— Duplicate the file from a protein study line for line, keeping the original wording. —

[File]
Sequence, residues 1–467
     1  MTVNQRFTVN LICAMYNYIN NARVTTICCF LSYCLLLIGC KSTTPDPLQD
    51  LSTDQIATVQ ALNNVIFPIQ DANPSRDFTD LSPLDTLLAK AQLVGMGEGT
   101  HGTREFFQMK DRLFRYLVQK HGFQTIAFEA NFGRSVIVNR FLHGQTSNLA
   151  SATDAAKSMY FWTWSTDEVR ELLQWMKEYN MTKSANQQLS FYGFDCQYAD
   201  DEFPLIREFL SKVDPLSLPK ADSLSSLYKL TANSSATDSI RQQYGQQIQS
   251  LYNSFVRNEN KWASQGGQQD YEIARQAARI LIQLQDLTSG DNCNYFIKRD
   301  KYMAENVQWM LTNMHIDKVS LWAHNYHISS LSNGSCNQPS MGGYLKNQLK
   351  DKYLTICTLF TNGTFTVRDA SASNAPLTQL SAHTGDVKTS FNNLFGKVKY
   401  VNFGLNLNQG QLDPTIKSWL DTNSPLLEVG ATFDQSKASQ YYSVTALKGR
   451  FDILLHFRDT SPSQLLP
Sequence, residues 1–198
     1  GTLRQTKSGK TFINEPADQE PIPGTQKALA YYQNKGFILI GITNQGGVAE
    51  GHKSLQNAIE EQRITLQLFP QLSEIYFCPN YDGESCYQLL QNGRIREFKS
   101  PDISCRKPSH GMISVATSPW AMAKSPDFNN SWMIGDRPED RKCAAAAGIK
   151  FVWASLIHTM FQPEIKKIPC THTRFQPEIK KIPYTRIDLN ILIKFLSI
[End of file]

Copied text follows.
Sequence, residues 1–467
     1  MTVNQRFTVN LICAMYNYIN NARVTTICCF LSYCLLLIGC KSTTPDPLQD
    51  LSTDQIATVQ ALNNVIFPIQ DANPSRDFTD LSPLDTLLAK AQLVGMGEGT
   101  HGTREFFQMK DRLFRYLVQK HGFQTIAFEA NFGRSVIVNR FLHGQTSNLA
   151  SATDAAKSMY FWTWSTDEVR ELLQWMKEYN MTKSANQQLS FYGFDCQYAD
   201  DEFPLIREFL SKVDPLSLPK ADSLSSLYKL TANSSATDSI RQQYGQQIQS
   251  LYNSFVRNEN KWASQGGQQD YEIARQAARI LIQLQDLTSG DNCNYFIKRD
   301  KYMAENVQWM LTNMHIDKVS LWAHNYHISS LSNGSCNQPS MGGYLKNQLK
   351  DKYLTICTLF TNGTFTVRDA SASNAPLTQL SAHTGDVKTS FNNLFGKVKY
   401  VNFGLNLNQG QLDPTIKSWL DTNSPLLEVG ATFDQSKASQ YYSVTALKGR
   451  FDILLHFRDT SPSQLLP
Sequence, residues 1–198
     1  GTLRQTKSGK TFINEPADQE PIPGTQKALA YYQNKGFILI GITNQGGVAE
    51  GHKSLQNAIE EQRITLQLFP QLSEIYFCPN YDGESCYQLL QNGRIREFKS
   101  PDISCRKPSH GMISVATSPW AMAKSPDFNN SWMIGDRPED RKCAAAAGIK
   151  FVWASLIHTM FQPEIKKIPC THTRFQPEIK KIPYTRIDLN ILIKFLSI